flabby sheaf


Topos Theory

topos theory



Internal Logic

Topos morphisms

Extra stuff, structure, properties

Cohomology and homotopy

In higher category theory




A sheaf FF of sets on (the category of open subsets of) a topological space XX is flabby (flasque) if for any open subset UXU\subset X, the restriction morphism F(X)F(U)F(X)\to F(U) is onto. Equivalently, for any open UVXU\subset V\subset X the restriction F(V)F(U)F(V)\to F(U) is surjective. In mathematical literature in English, the original French word flasque is still often used instead of flabby here.

The concept generalizes in a straightforward manner to flabby sheaves on locales.



An archetypal example is the sheaf of all set-theoretic (not necessarily continuous) sections of a bundle EXE\to X; regarding that every sheaf over a topological space is the sheaf of sections of an etale space, every sheaf can be embedded into a flabby sheaf C 0(X,F)C^0(X,F) defined by

U xUF x U \mapsto \prod_{x\in U} F_x

where F xF_x denotes the stalk of FF at point xx. This construction assumes that all stalks F xF_x are inhabited, and also that the law of excluded middle is available. In the absence of either, the refined construction

U xUP 1(F x) U \mapsto \prod_{x\in U} P_{\leq 1}(F_x)

works, where P 1(F x)P_{\leq 1}(F_x) is the set of subsingletons of F xF_x.

Characterization using the internal language


Let FF be a sheaf on a topological space (or locale) XX. Then the following statements are equivalent.

  1. FF is flabby.

  2. For any open subset UXU \subseteq X and any section sF(U)s \in F(U) there is an open covering X= iV iX = \bigcup_i V_i such that, for each ii, there is an extension of ss to UV iU \cup V_i (that is, a section sF(UV i)s' \in F(U \cup V_i) such that s| U=ss'|_U = s). (If XX is a space instead of a locale, this can be equivalently formulated as follows: For any open subset UXU \subseteq X, any section sF(U)s \in F(U), and any point xXx \in X, there is an open neighbourhood VV of xx and an extension of ss to UVU \cup V (that is, a section sF(UV)s' \in F(U \cup V) such that s| U=ss'|_U = s).)

  3. From the point of view of the internal language of the topos of sheaves over XX, for any subsingleton KFK \subseteq F there exists an element s:Fs : F such that sKs \in K if KK is inhabited. More precisely,

    Sh(X)KF.(s,s:K.s=s)s:F.(K is inhabitedsK). Sh(X) \models \forall K \subseteq F. (\forall s,s':K. s = s') \Rightarrow \exists s:F. (K \text{ is inhabited} \Rightarrow s \in K).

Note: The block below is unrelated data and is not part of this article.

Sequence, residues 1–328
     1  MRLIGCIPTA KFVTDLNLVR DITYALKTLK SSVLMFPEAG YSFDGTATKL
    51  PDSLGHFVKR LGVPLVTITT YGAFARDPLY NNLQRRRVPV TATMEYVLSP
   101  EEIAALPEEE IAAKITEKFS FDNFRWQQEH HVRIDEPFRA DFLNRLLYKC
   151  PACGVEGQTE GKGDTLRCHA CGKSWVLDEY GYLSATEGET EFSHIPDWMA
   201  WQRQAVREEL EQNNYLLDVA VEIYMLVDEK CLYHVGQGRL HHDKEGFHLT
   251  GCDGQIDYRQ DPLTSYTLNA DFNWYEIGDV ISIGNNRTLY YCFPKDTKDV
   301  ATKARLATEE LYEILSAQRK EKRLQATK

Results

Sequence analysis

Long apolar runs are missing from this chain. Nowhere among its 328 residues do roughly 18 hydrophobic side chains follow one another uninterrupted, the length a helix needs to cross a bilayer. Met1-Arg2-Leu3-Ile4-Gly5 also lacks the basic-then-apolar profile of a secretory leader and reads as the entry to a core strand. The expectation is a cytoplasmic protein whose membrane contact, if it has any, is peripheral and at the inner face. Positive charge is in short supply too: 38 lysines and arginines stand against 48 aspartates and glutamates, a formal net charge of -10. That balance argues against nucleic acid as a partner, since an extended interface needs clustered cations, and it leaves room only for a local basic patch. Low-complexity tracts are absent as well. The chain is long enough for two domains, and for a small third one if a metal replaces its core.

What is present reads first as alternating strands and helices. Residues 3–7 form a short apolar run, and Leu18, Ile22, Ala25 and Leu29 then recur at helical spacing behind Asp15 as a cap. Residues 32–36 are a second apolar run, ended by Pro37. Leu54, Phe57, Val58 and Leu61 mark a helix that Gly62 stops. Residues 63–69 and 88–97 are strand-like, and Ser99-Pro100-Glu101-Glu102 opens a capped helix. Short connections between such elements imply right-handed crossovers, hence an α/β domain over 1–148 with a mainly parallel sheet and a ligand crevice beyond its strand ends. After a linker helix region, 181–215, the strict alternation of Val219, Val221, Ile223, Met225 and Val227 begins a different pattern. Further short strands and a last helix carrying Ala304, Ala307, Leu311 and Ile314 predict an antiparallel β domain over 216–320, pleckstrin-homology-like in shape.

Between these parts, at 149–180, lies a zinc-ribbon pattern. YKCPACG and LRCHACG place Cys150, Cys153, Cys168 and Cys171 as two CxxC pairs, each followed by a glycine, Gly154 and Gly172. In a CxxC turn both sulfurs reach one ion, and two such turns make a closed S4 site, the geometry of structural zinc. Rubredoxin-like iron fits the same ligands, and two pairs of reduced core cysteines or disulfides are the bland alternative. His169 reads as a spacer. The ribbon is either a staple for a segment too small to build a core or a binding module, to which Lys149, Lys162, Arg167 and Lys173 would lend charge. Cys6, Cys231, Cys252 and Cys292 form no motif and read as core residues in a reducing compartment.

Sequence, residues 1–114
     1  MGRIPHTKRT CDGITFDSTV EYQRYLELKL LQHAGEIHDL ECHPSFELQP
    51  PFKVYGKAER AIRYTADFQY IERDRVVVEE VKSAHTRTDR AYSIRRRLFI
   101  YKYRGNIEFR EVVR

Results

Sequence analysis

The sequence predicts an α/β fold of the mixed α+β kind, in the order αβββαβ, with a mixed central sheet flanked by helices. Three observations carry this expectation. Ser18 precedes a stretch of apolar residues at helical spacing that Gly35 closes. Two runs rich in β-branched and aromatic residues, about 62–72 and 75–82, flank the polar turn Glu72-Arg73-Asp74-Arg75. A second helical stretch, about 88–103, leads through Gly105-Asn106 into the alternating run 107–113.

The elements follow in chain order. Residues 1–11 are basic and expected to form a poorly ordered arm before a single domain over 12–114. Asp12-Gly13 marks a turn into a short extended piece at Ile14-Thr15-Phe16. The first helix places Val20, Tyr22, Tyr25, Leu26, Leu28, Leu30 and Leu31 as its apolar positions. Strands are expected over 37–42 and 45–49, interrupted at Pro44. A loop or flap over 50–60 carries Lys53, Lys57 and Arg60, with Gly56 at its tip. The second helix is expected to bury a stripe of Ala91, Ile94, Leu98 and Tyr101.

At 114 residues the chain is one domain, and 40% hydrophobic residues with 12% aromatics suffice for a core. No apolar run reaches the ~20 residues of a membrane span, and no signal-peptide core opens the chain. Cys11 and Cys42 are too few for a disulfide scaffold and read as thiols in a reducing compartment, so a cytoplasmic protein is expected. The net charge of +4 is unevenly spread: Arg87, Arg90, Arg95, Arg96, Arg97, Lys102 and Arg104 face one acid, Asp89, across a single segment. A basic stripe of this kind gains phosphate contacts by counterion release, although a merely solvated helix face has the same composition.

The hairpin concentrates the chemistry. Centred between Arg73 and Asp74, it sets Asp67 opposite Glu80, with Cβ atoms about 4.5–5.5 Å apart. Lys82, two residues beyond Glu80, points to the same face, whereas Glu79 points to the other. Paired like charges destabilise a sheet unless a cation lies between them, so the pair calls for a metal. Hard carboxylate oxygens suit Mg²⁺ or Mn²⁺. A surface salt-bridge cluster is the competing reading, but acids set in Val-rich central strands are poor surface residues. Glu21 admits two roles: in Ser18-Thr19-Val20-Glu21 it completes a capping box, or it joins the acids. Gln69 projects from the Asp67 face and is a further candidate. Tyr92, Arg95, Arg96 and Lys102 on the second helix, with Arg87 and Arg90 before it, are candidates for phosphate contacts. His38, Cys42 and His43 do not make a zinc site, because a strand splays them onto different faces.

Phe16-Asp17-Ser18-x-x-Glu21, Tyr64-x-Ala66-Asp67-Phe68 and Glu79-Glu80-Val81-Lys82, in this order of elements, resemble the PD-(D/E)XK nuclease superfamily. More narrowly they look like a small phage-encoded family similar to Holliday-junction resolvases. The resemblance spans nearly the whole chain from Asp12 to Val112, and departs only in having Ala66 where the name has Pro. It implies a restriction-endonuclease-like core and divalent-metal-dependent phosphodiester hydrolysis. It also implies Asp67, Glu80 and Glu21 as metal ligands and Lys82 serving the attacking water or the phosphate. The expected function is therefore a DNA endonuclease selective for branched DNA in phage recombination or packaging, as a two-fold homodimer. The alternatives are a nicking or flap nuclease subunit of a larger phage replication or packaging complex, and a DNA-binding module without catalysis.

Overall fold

4. The canonical map F𝒫 1(F),s{s}F \to \mathcal{P}_{\leq 1}(F), s \mapsto \{s\} is final from the internal point of view, that is

    Sh(X)K:𝒫 1(F).s:F.K{s}. Sh(X) \models \forall K : \mathcal{P}_{\leq 1}(F). \exists s : F. K \subseteq \{s\}.

    Here 𝒫 1(F)\mathcal{P}_{\leq 1}(F) is the object of subsingletons of FF.


The implication “1 \Rightarrow 2” is trivial. The converse direction uses a typical argument with Zorn's lemma, considering a maximal extension. The equivalence “232 \Leftrightarrow 3” is routine, using the Kripke-Joyal semantics to interpret the internal statement. We omit details for the time being. Condition 4 is a straightforward reformulation of condition 3.

For a more detailed discussion, see Blechschmidt.


Condition 2 of the proposition is, unlike the standard definition of flabbiness given at the top of the article, manifestly local. Also the equivalence with condition 3 and condition 4 is constructively valid. Therefore one could consider to adopt condition 2 as the definition of flabbiness.


The object 𝒫 1(F)\mathcal{P}_{\leq 1}(F) of subsingletons of FF can be interpreted as the object of "partially-defined elements" of FF. The sheaf FF is flabby if and only if any such partially-defined element can be refined to an honest element of FF.


Flabby sheaves were probably first studied in Tohoku, where flabby resolutions were also considered. A classical reference is

See also

Work relating flabby sheaves to the internal logic of a topos include:

category: sheaf theory